Comparative European Politics vol:12 issue:2 pages:209-232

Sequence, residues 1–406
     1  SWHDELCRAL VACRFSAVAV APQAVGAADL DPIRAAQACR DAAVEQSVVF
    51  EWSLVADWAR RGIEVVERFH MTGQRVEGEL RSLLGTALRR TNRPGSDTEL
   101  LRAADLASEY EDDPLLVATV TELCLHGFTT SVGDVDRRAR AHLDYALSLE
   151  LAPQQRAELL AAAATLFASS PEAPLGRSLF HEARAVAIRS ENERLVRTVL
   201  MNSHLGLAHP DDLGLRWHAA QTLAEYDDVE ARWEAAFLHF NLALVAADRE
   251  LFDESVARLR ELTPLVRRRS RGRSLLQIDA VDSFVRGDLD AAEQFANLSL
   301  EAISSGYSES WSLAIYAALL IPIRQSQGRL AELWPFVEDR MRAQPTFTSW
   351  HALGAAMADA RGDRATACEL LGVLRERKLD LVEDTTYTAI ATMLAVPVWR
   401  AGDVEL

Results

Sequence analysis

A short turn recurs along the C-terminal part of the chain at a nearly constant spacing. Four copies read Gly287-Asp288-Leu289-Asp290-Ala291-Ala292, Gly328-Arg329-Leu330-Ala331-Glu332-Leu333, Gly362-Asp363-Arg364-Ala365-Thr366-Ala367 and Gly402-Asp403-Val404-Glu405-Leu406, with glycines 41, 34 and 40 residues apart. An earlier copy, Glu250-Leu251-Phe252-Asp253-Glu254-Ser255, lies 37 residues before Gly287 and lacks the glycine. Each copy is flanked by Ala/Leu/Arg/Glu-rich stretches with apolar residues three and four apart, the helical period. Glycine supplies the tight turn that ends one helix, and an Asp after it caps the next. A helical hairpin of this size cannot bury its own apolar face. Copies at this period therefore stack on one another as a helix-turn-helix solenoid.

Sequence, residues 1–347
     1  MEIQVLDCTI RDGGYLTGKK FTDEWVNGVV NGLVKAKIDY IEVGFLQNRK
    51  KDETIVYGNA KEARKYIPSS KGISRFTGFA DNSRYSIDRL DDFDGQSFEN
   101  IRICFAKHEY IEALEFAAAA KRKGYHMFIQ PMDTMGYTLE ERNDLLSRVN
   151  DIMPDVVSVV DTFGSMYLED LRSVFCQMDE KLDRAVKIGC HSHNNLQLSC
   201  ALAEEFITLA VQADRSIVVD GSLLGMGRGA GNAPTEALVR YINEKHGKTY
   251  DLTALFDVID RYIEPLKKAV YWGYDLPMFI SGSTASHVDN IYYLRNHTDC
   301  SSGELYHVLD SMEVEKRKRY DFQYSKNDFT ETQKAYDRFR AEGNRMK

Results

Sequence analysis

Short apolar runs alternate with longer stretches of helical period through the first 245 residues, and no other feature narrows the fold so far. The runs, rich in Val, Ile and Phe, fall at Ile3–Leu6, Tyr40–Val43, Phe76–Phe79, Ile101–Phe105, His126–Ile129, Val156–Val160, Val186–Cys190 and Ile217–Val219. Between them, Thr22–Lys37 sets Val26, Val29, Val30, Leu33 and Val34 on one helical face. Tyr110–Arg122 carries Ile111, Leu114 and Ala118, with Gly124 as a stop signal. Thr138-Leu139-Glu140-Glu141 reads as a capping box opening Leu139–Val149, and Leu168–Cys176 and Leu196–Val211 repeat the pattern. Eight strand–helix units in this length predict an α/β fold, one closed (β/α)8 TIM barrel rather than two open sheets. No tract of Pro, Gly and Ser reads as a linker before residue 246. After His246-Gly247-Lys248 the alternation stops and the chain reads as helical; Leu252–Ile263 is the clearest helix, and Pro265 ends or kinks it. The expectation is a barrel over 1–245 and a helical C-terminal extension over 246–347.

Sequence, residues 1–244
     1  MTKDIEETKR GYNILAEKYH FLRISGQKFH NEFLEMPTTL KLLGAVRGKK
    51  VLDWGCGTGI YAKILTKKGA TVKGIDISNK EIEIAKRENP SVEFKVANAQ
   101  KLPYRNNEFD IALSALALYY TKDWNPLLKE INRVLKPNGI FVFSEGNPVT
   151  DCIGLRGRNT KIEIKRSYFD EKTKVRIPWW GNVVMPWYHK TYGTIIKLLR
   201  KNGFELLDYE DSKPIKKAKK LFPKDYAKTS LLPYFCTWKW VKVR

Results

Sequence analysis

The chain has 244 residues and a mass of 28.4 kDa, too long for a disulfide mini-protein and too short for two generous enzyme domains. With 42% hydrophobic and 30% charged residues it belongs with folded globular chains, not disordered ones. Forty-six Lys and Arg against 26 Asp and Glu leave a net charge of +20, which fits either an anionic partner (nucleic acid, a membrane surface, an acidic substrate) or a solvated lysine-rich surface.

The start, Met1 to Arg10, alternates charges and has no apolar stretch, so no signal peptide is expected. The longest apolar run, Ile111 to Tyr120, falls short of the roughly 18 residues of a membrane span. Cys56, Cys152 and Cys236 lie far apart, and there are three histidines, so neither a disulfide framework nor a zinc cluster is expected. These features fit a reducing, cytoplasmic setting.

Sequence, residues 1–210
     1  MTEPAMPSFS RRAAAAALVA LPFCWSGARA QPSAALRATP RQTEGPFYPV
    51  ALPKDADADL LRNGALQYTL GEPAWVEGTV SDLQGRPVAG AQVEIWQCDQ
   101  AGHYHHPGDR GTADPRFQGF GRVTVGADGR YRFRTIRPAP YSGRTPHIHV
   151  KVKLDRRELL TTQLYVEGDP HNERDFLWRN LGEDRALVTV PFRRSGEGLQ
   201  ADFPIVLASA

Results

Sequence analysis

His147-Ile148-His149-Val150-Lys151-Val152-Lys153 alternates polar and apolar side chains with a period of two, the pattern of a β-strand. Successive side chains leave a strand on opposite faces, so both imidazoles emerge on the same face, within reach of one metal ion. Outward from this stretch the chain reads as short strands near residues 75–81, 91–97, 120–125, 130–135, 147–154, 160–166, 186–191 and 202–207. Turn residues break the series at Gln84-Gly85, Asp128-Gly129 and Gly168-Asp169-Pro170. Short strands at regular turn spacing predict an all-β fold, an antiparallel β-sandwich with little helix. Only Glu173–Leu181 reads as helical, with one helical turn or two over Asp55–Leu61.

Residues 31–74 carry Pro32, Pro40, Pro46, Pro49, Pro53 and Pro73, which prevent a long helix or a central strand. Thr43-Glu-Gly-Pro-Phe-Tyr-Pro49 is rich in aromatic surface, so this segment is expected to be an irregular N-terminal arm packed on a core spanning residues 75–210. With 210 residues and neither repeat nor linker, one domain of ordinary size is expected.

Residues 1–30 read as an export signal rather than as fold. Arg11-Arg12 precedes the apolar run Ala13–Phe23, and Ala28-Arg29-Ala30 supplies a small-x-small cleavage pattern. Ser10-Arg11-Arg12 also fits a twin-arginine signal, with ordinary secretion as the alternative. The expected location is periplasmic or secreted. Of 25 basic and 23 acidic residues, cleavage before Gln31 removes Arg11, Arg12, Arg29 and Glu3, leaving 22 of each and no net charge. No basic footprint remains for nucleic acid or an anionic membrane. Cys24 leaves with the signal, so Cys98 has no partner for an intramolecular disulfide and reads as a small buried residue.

Two decades after democratic transition, political participation levels in Central and Eastern Europe remain significantly lower than in Western European countries. While some authors invoke the socialization of citizens under authoritarian regimes as a cause, others hint at the fact that these countries still experience corruption, lack of good governance and low levels of economic development. In this article we test both theoretical claims, by conducting a multilevel analysis on the full sample of the European Social Survey (2002-2008), introducing a distinction between institutionalized and non-institutionalized forms of participation. The analysis demonstrates that, controlling for all relevant individual level characteristics, an authoritarian legacy, the perception of corruption, bad governance and low income levels have a negative impact on participation levels. Controlling for corruption levels and lack of good governance, the effect of an authoritarian legacy is rendered non-significant. An analysis by age and cohort suggests that the effect of current experiences with corruption are more powerful than the effect of an authoritarian legacy. As such, our findings support the claim that especially bad governance and corruption have a strong negative impact on civic engagement in Central and Eastern Europe.